The unspoken benefit of participation in a clinical trial

Konstantin Schwarz, Sathish Parasuraman, Satnam Singh, John D Horowitz, Dana K Dawson, Michael P Frenneaux

Research output: Journal article (peer-reviewed)Journal article

2 Citations (Scopus)

Abstract

BACKGROUND: Publicly funded trials do not usually offer financial incentives to volunteers. An intensive level of medical care could act as an additional motivator for participation. Our aim was to establish whether patients may draw any clinical benefit from volunteering in a clinical trial.

METHODS: We analysed the recruitment process of a phase II randomised controlled trial, the Inorganic Nitrate in Angina Study.

RESULTS: Two-hundred and thirteen patients with a history of stable angina and who had been under at least annual primary care review were screened for participation by history taking, examination, 12-lead electrocardiography, treadmill test and echocardiography. Thirty-five (16.4%) patients were found to have significant unstable or new clinical pathology, requiring urgent clinical attention. We identified 17 (7.9%) patients with unstable angina. Furthermore, we found new undiagnosed pathologies: amyloidosis in two (0.9%), hypertrophic cardiomyopathy in two (0.9%), left ventricular systolic dysfunction (ejection fraction <45%) in three (1.4%), left ventricular thrombus in one (0.4%), significant valvular disease in five (2.4%) and arrhythmias in six (2.8%).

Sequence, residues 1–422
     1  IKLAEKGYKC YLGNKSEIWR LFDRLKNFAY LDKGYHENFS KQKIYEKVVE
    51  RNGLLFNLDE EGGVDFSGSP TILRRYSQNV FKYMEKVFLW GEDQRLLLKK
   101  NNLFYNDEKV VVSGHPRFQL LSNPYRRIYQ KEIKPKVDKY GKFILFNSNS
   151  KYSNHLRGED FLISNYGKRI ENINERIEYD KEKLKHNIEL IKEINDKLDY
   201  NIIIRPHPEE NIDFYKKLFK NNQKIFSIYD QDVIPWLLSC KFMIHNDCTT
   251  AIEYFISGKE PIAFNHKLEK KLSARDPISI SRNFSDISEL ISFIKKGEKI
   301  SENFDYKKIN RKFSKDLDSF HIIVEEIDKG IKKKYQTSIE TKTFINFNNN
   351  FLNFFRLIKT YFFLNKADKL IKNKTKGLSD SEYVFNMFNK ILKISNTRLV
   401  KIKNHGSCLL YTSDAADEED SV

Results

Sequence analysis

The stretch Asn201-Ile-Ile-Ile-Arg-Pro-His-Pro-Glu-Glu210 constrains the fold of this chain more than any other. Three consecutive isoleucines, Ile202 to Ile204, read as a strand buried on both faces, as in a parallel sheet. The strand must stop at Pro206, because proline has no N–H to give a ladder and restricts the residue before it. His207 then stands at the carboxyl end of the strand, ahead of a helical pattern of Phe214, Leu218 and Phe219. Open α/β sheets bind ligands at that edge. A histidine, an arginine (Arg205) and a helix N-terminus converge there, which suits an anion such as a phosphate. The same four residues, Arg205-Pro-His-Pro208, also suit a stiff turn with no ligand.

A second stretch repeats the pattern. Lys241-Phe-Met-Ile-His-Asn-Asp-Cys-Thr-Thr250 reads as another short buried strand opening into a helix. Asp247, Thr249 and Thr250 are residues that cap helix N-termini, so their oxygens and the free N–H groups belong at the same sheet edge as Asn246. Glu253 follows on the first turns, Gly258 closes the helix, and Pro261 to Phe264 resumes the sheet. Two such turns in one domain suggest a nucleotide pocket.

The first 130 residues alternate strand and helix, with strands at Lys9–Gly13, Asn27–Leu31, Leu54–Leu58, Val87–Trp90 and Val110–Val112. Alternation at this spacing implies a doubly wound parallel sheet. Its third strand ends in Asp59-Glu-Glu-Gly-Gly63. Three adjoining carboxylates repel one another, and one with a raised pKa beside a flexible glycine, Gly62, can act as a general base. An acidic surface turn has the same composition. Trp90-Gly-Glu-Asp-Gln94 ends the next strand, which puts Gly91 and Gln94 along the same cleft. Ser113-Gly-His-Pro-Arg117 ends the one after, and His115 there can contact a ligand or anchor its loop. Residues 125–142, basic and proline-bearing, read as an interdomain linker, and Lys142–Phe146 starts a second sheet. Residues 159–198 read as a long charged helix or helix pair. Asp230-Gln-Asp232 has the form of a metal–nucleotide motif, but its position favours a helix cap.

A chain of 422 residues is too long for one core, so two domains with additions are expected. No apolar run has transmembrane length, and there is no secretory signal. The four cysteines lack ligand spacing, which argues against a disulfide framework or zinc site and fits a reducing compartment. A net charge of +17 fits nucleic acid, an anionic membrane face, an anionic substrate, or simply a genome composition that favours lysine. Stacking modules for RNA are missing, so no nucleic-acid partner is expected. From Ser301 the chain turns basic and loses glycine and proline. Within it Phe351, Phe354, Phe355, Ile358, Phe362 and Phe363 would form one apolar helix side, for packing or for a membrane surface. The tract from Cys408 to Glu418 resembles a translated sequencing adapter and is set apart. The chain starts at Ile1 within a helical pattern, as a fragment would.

CONCLUSION: Compared with routine care, patients screened for a clinical trial may come under an increased level of scrutiny that may affect their clinical management. This may act as additional motivator to attract patients to future studies.

Original languageEnglish
Pages (from-to)e645-e647
JournalClinical Medicine
Volume21
Issue number6
DOIs
Publication statusPublished - Nov 2021

Keywords

  • Echocardiography
  • Electrocardiography
  • Exercise Test
  • Humans
  • Stroke Volume
  • Ventricular Dysfunction, Left
  • Clinical research
  • Recruitment

ASJC Scopus subject areas

  • General Medicine

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